Bringing young and old together has made the Heidelberg Catechism come alive for the congregation of East Leonard Christian Reformed Church.
This past fall the Grand Rapids, Mich., church invited people of all ages to study the catechism together with their teen members.
Rev. Al Hoogewind said he got the idea for the intergenerational class from a Catholic priest who leads a doctrinal class for all ages in his parish.
As the classes studied fundamental faith questions, an elderly woman shared how the death of her husband made Jesus truly her “only comfort in life and in death” (from the catechism’s first question and answer).
“There were times that I just knew [the three teenage girls in the class] were learning and enjoying,” said Ruth Vander Hart, 65. “I felt bonded to these girls.”
“I really liked it,” said Amber Winkel, 17. “It was a nice way to get to know the older generation as well as people my age.”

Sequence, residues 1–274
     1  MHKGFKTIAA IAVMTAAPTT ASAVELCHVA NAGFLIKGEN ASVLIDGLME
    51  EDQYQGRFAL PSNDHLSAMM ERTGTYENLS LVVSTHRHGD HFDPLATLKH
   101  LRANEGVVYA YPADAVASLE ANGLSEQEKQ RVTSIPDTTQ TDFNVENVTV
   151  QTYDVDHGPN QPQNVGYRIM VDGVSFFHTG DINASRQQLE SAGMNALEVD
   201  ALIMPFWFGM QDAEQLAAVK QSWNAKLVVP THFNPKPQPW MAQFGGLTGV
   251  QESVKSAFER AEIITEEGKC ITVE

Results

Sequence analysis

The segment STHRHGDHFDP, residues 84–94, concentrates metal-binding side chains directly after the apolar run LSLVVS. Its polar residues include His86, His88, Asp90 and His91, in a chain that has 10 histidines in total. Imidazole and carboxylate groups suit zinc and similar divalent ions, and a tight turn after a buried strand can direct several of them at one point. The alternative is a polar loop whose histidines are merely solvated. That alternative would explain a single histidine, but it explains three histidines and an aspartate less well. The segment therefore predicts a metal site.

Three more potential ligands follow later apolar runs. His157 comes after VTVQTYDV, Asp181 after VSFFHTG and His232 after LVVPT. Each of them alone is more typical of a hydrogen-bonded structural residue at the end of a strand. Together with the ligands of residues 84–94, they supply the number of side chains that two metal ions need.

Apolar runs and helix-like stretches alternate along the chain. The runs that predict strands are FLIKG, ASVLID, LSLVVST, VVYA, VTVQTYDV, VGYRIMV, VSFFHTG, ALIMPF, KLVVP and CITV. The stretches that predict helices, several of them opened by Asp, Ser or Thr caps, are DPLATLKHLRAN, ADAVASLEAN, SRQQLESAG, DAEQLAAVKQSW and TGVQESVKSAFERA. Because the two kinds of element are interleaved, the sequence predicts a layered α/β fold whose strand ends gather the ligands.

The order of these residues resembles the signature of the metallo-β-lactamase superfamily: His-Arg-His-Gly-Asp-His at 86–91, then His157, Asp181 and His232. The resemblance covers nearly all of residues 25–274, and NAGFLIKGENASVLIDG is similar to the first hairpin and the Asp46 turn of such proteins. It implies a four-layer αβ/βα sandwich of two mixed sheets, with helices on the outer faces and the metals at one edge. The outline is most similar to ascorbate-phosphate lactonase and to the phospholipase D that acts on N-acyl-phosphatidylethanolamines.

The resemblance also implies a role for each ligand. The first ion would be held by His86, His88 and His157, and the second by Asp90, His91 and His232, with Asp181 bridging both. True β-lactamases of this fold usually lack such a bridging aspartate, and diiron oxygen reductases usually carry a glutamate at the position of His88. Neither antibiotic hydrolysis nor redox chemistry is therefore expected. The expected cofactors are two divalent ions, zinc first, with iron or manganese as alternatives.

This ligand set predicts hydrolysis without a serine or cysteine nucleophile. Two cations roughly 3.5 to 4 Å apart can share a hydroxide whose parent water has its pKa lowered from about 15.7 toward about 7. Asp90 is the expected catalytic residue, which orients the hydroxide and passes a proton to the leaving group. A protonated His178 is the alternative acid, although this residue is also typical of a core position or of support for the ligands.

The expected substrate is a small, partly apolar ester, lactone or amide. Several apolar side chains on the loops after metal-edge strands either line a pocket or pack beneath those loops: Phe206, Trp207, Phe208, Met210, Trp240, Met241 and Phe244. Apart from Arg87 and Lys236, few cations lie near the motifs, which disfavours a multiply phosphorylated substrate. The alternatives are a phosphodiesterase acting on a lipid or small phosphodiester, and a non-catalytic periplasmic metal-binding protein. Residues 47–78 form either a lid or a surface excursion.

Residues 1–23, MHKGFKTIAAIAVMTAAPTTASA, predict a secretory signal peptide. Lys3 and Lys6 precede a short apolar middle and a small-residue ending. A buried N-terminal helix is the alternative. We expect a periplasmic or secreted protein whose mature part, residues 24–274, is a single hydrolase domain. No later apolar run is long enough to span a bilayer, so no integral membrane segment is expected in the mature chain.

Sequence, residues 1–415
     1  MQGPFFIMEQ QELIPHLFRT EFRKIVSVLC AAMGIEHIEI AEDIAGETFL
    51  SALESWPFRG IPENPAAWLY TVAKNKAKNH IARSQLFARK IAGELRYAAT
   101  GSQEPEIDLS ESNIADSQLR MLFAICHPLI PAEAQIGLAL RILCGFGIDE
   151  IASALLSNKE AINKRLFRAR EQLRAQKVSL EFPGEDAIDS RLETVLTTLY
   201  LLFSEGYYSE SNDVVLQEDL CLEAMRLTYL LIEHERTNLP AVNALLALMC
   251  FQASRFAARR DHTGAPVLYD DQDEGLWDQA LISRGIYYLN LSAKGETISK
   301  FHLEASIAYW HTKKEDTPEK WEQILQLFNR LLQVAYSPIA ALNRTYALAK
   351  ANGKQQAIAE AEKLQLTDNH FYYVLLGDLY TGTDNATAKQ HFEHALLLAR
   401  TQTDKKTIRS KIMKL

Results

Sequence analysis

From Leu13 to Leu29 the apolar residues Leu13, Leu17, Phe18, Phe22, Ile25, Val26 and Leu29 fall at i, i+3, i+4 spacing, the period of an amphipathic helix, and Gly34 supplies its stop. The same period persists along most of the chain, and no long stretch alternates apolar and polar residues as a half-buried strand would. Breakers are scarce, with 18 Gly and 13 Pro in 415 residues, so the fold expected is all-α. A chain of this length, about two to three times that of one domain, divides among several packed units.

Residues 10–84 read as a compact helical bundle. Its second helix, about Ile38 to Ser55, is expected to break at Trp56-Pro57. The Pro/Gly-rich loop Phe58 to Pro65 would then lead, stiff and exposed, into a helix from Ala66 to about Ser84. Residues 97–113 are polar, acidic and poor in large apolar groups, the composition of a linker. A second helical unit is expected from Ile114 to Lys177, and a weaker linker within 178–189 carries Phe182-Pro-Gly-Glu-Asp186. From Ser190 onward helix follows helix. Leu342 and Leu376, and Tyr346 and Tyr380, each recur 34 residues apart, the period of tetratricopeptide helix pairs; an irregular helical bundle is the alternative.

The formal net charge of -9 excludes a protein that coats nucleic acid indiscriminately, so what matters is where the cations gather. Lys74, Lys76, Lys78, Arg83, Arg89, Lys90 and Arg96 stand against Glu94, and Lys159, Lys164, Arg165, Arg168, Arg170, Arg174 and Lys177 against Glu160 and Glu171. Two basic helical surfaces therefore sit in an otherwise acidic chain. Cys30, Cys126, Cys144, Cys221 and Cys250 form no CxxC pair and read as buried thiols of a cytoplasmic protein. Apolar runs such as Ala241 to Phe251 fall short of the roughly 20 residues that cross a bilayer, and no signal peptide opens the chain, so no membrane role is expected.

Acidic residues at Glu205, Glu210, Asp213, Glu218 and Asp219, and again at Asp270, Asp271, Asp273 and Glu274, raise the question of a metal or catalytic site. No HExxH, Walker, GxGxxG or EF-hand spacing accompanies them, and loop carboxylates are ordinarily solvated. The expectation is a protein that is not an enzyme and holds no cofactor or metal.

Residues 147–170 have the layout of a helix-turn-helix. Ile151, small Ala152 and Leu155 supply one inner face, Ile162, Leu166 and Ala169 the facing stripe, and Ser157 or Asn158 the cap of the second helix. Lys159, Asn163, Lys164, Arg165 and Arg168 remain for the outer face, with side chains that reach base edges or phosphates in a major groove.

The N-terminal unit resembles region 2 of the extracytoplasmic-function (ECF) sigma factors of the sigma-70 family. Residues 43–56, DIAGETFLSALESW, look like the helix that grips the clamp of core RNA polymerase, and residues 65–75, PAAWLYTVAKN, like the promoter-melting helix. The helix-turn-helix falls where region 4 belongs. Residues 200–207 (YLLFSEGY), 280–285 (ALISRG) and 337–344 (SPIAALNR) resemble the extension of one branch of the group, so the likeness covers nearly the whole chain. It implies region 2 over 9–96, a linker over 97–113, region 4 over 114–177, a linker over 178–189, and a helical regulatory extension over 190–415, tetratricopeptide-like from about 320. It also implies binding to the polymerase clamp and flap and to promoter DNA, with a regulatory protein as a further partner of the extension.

One class member, a recent ex-convict, “had the light go on” as he began to understand the nature of sin, said Hoogewind. Another man, an immigrant from Liberia, “fell in love with the catechism” and felt it would help him discuss Christianity with his Muslim friends, the pastor said.
Young people need to understand the doctrines of their church, so studying the catechism is important, Hoogewind said. “The process that we used turned out to be a great combination of the head knowledge and the heart knowledge.”
About the Author
Roxanne VanFarowe is a freelance writer who claims both Canadian and American citizenship and grew up in the Christian Reformed Church. She is a member of Blacknall Presbyterian Church in Durham, North Carolina.